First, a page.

A group of accomplished alumni from the Savannah College of Art and Design who are currently working in the film and television shared their most valuable advice for people starting careers in the industry during the SCAD Alumni Voices panel on Thursday at the 26th annual SCAD Savannah Film Festival.
“When you’re first starting out, I think learning to take the note and not take it personally is truly the most important thing I ever learned at SCAD,” said Cody Ziglar, a writer on She-Hulk: Attorney at Law and Futurama who has an M.F.A. in Film and Television from the university.
“You’re going to be getting so many notes, and some of them will be honestly pretty trash. Someone will be in the middle. But truly, the nugget that I took as soon as I walked across the stage was, ‘Oh, that was the important thing — learning to divvy up what the important thing is. Because no matter what part of the job you’re in, and you’re going to be getting notes from the network, whether it’s from producers, whether it’s from studios.”
Other participants in the SCAD Alumni Voices panel on Thursday include The Bikeriders sound mixer Amanda Beggs (B.F.A., film and television, 2008), The Gray Man stunt actor Rachel Gelfeld (B.F.A., performing arts, 2014), Murder of Middle Beach director Madison Hamburg (B.F.A., film and television, 2014), Homecoming: A Film By Beyonce editor Alexander Hammer (M.A., film and television, 2006), Kickstart My Heart cinematographer Allie Schultz (B.F.A., film and television, 2015), and Guardians of the Galaxy trilogy visual effects artist Kevin Sears (B.F.A., visual effects, 2007.
SCAD Alums’ Advice: Learn to Take Notes and Find a Mentor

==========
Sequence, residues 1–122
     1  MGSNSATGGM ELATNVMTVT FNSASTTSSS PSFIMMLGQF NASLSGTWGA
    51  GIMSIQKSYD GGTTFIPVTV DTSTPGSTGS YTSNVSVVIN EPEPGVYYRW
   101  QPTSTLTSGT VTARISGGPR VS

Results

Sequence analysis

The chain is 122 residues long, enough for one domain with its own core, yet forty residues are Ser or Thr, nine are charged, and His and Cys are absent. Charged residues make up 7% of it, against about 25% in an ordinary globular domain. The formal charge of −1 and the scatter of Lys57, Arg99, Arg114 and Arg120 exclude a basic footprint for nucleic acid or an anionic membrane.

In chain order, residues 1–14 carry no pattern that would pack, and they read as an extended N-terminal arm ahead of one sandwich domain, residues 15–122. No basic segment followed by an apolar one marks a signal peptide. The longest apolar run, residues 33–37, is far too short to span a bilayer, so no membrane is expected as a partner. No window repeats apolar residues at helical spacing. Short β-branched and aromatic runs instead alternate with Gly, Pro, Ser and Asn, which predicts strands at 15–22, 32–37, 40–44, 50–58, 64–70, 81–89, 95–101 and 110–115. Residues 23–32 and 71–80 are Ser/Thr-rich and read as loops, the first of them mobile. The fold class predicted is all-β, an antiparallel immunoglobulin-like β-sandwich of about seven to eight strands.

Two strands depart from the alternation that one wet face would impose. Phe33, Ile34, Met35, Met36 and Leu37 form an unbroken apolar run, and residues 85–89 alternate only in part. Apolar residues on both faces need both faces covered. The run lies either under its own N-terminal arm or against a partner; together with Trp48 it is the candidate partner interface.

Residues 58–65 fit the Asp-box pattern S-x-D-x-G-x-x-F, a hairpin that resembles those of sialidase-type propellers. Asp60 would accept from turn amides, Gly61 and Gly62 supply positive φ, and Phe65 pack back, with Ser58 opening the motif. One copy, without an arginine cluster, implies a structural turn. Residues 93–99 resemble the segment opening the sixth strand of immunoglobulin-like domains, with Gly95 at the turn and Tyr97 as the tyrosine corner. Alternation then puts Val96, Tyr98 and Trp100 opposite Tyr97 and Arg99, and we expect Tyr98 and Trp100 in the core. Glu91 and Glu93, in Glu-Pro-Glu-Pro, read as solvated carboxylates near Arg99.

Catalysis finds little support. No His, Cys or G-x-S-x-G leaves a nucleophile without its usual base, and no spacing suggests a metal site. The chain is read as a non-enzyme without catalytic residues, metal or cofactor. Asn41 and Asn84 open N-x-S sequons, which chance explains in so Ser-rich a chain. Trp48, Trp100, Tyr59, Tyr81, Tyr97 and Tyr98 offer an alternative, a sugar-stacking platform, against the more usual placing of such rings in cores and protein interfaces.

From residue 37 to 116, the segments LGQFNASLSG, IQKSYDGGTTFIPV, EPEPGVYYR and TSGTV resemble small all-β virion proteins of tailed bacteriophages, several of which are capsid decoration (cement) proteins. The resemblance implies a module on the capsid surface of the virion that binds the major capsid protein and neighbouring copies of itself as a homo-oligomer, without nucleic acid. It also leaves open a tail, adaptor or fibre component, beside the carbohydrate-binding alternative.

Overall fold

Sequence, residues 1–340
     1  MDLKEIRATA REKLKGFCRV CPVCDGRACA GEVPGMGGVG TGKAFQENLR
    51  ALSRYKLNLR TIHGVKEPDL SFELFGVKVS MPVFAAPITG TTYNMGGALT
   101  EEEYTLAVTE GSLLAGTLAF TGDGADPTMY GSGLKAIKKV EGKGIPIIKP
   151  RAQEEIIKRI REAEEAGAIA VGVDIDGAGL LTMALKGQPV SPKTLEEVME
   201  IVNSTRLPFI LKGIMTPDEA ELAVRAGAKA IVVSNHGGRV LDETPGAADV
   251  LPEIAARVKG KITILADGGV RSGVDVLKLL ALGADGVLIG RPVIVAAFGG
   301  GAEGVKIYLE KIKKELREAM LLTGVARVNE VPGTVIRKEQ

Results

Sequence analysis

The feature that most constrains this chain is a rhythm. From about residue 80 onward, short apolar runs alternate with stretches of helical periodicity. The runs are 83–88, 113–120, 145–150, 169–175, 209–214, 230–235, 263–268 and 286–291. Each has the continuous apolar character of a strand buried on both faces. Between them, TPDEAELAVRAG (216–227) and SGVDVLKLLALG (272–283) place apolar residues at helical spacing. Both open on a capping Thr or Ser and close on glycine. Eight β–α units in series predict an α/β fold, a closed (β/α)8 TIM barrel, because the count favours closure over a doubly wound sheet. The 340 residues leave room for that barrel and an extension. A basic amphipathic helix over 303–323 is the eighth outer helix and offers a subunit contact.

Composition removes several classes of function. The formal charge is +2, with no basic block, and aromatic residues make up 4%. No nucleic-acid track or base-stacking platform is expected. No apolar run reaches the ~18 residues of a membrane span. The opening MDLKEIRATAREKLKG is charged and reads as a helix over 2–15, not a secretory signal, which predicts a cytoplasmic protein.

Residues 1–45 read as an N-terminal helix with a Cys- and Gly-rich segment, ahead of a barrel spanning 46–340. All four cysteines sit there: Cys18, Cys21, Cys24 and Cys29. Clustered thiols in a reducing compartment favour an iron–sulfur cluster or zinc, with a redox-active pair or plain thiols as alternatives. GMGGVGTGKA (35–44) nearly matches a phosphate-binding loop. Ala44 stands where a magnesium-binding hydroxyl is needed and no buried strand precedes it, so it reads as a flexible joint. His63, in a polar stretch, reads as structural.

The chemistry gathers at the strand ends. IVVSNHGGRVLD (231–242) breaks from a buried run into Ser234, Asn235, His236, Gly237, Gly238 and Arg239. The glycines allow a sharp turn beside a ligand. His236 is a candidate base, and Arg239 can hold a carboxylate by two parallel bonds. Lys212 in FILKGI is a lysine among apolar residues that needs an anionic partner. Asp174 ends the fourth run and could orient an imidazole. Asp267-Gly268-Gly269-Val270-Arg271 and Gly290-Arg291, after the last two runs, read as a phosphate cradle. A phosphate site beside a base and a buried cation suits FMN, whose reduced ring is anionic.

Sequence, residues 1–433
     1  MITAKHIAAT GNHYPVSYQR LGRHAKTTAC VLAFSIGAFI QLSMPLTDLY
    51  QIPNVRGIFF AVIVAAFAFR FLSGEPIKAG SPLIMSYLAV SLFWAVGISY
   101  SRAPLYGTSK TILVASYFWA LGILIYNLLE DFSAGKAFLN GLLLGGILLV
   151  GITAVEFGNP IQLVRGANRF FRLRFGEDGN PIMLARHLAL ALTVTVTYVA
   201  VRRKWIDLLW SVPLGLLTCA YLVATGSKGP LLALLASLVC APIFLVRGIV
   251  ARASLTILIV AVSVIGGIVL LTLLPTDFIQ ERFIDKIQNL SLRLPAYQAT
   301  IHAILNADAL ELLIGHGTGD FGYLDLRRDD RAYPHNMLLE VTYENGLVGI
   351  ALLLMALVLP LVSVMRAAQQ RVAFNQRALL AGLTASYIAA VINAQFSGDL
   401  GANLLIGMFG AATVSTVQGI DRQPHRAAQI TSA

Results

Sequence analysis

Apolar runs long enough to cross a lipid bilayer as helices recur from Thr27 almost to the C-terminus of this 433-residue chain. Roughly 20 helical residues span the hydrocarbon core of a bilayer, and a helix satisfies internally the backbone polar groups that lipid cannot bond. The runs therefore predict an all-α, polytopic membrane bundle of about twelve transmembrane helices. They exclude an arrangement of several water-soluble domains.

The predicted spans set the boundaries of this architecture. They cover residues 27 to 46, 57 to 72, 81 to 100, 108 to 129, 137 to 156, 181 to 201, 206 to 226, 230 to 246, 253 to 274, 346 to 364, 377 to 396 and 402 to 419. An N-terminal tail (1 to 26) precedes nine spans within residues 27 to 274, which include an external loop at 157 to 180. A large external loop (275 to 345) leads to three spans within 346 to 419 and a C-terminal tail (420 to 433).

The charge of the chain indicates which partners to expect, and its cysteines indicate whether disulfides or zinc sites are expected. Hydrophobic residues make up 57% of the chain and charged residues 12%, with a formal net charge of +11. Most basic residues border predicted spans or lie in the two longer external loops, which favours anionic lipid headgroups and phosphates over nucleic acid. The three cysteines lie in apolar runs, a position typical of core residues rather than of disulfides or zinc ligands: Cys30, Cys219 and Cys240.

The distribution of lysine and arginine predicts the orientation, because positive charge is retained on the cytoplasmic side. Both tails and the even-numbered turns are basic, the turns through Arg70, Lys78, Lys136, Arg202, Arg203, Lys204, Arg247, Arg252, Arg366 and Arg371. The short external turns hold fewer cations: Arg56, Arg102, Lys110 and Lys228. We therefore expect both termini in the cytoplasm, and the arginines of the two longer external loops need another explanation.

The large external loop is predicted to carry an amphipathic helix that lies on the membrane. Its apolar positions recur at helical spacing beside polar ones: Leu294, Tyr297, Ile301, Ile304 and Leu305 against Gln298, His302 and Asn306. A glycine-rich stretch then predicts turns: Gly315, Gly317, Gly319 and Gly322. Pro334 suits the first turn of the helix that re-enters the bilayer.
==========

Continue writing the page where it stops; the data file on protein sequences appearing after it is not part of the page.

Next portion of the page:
Hamburg agreed with Ziglar’s advice and also stressed the importance of finding a mentor.
“You should be asking people for advice. Find a mentor as quickly as possible,” he said. “Every time I’m at a crossroads or I don’t know what to do because I’ve never had the experience of negotiating contracts with a premium network, I actually call someone I met at this festival seven years ago, who now I consider a very close friend and mentor who is 10 years older than me.”
He also advised students not to feel bad if some of the professionals they reach out to in search of a mentor don’t end up following up.
“Don’t take it personally if people don’t get back to you, and always follow up. For every 10 people you meet and reach out to, continue to stay in touch with them and I guaranteed at least one of them will be someone that’s important in your life.”
Gelfeld agreed with both Ziglar and Hamburg.
“I boil it down really simply for myself and I have for a long time. I find someone who has what I want, and I ask them how they did it,” she said.
“I’ll ask them questions. The worst they can do is say no, or they can ignore you — it’s going to happen. And then also, not worrying, not taking things personally is really huge as well, because we’re all in the center of our own worlds. When somebody ignores me, I want to really take it personally, when they probably just really don’t have time for me. And that’s going to happen. But the more questions you ask, the more answers you’re going to get, the more you build those relationships. You find those mentors.”
Main Image: SAVANNAH, GEORGIA – OCTOBER 26: (L-R) Michael Chaney (moderator), Amanda Beggs, Rachel Gelfeld, Madison Hamburg, Alexander Hammer, Allie Schultz, Kevin Sears, and Cody Ziglar speak onstage at the SCAD Alumni Voices Panel during the 26th SCAD Savannah Film Festival at the Gutstein Gallery on October 26, 2023 in Savannah, Georgia. (Photo by Dia Dipasupil/Getty Images for SCAD)